“I realized very quickly that being a studio art major would be a lot of fun for the artistic side of me, but I still had practical parts of me that needed to know things about business and finance.”
Read Cassandra’s profile at Artists In Jackson.
In sharing my Artists In Jackson project, I reached out to some artists for feedback. What did they think? What can I do differently next time?
One artist in particular – raised in Jackson, went on to great success – gave me some really great advice. For one, he was worried about me producing a book. “Nobody buys books,” he wrote, “not even if you price them at $10 a piece.”
He, however, knew how to sell books. Case in point: a $500 book, limited to 50 editions, and he sold out of his print run in just a few weeks. This artist offered an experience, not just a book. It became a pride point to own one of his books.
“The book was only a bonus and personal brag piece to tell their friends the damn book cost $500,” he said. “It’s the experience, not the money.”
His experience was, he only printed 50 of them, and he included a personal sketch inside each one.
You can’t rely on friends and family to support your art, he told me. And people in the community who say they support the arts? They’re mostly fibbing. Few back up their support with actual dollars.
Some of this I wished I had heard before I started the project, though I doubt that would’ve dissuaded me. I wanted to make a quality book for people to buy, and I felt like I had enough of an audience to sell a decent amount.
Aside from the book, my main motivation was to brag about the artistic talent in Jackson, and to get to know some local artists. Take economics out of it, and I feel like my project was very successful.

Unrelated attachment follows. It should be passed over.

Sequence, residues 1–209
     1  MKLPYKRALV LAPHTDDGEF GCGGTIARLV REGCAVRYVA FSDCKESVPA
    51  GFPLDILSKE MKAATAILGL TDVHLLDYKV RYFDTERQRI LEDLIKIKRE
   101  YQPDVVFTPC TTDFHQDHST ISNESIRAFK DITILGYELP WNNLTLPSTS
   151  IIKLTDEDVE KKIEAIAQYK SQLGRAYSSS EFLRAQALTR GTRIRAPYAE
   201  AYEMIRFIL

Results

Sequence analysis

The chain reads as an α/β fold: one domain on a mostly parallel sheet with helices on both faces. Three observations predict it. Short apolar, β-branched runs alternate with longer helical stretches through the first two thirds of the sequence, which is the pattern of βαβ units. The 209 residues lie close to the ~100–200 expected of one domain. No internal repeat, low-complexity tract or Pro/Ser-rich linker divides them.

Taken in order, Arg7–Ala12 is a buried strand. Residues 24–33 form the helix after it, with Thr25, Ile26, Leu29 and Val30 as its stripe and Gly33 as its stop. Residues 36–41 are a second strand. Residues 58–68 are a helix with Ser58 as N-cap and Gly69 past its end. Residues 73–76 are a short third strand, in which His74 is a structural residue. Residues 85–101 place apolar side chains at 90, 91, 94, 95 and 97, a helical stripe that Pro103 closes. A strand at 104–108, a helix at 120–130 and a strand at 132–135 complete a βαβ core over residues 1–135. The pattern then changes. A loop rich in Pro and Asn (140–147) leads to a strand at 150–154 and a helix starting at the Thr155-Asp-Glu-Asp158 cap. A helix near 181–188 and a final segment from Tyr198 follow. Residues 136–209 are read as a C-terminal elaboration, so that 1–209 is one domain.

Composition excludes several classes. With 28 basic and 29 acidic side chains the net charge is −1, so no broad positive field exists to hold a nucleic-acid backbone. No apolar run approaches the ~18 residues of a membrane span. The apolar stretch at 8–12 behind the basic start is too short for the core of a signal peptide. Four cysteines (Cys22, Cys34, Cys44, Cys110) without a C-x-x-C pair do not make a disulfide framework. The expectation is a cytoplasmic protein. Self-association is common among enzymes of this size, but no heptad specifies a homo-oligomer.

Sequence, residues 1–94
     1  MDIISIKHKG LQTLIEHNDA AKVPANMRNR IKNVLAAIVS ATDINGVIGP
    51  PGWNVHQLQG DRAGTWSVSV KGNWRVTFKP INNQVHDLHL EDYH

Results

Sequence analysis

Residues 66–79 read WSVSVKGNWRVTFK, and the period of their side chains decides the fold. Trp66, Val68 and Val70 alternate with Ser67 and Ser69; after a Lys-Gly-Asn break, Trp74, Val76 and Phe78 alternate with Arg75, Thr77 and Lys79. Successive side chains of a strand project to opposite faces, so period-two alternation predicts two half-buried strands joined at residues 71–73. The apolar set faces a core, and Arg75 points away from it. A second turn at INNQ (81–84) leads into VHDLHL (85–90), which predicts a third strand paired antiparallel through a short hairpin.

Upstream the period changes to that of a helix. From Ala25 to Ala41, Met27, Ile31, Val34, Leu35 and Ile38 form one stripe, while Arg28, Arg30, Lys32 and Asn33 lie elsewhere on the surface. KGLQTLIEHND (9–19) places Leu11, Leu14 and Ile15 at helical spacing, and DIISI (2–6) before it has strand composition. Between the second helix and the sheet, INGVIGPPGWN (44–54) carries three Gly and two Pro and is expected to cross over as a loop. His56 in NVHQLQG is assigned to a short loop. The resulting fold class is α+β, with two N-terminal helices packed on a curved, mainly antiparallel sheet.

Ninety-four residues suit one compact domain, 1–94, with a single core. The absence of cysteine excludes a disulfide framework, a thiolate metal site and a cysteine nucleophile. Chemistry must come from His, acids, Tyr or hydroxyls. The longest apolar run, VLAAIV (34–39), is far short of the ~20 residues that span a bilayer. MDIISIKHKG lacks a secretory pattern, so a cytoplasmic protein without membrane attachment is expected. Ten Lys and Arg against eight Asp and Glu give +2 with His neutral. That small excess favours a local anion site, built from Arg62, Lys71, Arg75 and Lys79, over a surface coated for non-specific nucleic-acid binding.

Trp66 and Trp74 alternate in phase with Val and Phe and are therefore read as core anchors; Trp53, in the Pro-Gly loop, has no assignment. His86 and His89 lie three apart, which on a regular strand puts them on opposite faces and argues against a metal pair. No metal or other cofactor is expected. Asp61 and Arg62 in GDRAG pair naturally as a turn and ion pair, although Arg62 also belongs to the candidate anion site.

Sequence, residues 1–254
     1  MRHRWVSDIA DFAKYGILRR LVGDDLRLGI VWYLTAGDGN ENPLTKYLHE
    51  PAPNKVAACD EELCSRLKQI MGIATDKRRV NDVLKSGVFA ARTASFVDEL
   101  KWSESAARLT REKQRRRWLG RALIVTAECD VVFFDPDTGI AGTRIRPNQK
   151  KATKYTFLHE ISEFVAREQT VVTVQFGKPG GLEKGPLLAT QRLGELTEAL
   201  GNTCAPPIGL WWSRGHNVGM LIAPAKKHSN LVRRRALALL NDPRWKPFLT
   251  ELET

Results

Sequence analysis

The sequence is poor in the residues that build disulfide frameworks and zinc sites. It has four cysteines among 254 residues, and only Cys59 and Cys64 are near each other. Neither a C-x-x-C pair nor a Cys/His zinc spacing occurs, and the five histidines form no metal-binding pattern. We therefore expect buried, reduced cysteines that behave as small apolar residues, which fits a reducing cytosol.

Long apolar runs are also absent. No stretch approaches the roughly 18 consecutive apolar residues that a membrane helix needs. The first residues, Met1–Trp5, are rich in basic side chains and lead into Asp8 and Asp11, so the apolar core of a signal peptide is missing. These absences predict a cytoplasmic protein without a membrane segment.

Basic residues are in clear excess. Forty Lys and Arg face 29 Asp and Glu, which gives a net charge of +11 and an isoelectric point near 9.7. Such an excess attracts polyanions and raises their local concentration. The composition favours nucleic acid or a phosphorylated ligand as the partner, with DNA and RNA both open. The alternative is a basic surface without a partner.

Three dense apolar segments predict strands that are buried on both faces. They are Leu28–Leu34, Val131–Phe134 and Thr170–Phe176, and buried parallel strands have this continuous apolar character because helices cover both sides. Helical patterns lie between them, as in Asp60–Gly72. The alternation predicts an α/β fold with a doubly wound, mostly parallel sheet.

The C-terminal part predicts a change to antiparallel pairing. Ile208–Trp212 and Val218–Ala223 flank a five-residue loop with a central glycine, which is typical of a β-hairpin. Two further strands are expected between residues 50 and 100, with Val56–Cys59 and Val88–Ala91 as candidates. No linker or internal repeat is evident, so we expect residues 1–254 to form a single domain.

Put economics back in, and I think the advice I received was pretty spot-on. My “experience” was a limited run of books signed by me, with a free eBook download and dibs on info like extra editions and events. I could do a lot more to up the “experience” level.
I don’t think that a high price tag would go over well in the community, however. Jackson is a pretty cheapskate kind of town.
Granted, this artist has a huge following, and sells work for thousands of dollars. He works on a totally different level than this local photographer with a super local project.
But for future projects, his advice is worthwhile.
Today, on Small Business Saturday, I’m launching part three of Artists In Jackson – the Magazine edition: 96 big, full-color pages, soft-bound and larger than the hardcover edition, and at an affordable price of only $35.
And here’s a deal: use the code CREATIVE40 until Dec. 1 at checkout for 40% off the price. Get yours at artistsinjackson.com/book.
Hardcovers are also still available! Use the code art517 for $9 off the price.